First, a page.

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More Winners, More Challenges in Cancer Wars
"Here's some good news about cancer," says LHSFNA Management Co-Chairman Noel C. Borck. "More people are beating it."
Today nearly 14 million Americans and 749,000 Canadians are cancer survivors. That means they received their cancer diagnoses and successfully completed treatment five or more years ago. Such victories are increasingly common. By 2022, researchers expect the number of cancer survivors in the United States and Canada will exceed 18 million.
The American Cancer Society (ACS) and the National Cancer Institute (NCI) attribute this surge in survivorship to improvements in cancer screenings and treatments.
Cancer Treatment and Survivorship Facts & Figures, a recently published collaboration of the ACS and the NCI, finds that:
- The median age of patients at the time of cancer diagnosis is 66
- Nearly half of all cancer survivors are 70 years old or older
- Only five percent are younger than 40
The most common cancers among male survivors are:
- Prostate (43 percent)
- Colon and rectal (nine percent)
- Melanoma skin cancer (seven percent)
The most common cancers among female survivors are:
- Breast (41 percent)
- Uterine (eight percent)
- Colon and rectal (eight percent)
"This report was created to call attention to the unique medical, psychological and social needs of cancer survivors," says Borck, noting that cancer treatments often have debilitating side effects. "Until improvements in screening and treatment extended survival rates, the medical profession was familiar only with short-term side effects. These include fatigue, nausea and pain. With improved, extended outcomes, the ACS and NCI are calling for health care providers to be better prepared to address the long-term side effects of cancer treatments."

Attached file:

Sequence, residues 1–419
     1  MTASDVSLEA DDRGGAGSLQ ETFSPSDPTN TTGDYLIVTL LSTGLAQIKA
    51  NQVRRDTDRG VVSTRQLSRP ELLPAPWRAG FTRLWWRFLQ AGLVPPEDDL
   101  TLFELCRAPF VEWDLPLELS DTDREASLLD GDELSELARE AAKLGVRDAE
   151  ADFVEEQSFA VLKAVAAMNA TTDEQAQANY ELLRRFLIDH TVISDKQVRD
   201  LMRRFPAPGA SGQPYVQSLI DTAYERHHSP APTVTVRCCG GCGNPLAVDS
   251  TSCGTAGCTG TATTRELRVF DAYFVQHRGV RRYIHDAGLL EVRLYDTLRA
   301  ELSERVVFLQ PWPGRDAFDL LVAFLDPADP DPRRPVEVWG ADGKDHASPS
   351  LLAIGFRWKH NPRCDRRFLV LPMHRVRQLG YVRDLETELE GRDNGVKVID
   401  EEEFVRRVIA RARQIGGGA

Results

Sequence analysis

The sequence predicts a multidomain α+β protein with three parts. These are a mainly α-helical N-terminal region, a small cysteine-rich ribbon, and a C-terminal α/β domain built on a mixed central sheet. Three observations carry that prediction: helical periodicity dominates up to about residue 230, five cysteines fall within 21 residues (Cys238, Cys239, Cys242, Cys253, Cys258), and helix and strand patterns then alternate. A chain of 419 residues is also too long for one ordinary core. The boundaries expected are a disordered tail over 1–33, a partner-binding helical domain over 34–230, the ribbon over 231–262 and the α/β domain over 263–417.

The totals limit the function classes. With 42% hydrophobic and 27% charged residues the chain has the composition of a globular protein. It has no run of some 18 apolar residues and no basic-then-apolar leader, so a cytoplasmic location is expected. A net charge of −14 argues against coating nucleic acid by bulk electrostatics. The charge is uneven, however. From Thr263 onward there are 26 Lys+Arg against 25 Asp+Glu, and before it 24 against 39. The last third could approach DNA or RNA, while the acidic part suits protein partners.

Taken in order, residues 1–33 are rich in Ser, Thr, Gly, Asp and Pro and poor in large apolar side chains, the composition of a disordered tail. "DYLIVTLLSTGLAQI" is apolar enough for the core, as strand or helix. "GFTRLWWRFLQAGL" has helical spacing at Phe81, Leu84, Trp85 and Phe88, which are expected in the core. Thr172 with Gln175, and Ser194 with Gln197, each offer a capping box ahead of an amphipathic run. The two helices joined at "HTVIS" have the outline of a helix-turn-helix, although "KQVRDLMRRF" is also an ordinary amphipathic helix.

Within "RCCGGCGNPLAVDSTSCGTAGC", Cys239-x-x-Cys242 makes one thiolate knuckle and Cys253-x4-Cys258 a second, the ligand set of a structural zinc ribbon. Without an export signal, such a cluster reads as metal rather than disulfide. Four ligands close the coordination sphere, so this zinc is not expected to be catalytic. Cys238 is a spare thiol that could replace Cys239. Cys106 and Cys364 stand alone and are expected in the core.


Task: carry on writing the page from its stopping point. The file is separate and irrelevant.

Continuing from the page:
Long-term side effects
It is not unusual for serious health conditions including osteoporosis, weakened hearts and cognitive disabilities to develop in people who have undergone chemotherapy and radiation therapy. Fears of recurrence and the realization that life-saving medical treatments for one cancer may have increased their risk for others are also issues with which many survivors of cancer struggle. These mental traumas can affect relationships at home and at work.
Sometimes it can be years before long-term side effects develop. In June, "Good Morning America" anchor Robin Roberts disclosed that she has myelodysplastic syndrome (MDS), a cancer of the blood. The disease is a result of medical treatment Roberts received five years ago when she was fighting breast cancer. A bone marrow transplant (see Marrow Donation: Lifesaving Gift from a Stranger) offered Roberts the best hope of recovering from MDS, and she recently underwent that procedure.
Roberts' situation is indicative of the "new normal" for many survivors of cancer: health issues related to their cancer treatments can appear at any time and can be ongoing. To help survivors resume and maintain productive lives, awareness of their challenges is essential.
The American Cancer Society has free programs and services, including assistance in finding local support groups that help people with cancer, long-term cancer survivors and their loved ones understand cancer, manage their lives through treatment and recovery, and find the emotional support they need.
The LHSFNA provides a number of brochures and other materials that can educate Laborers about cancer. This information can help Laborers make the lifestyle changes that willreduce their cancer risk. These resources are available through the Fund's Publications Catalogue
[Janet Lubman Rathner]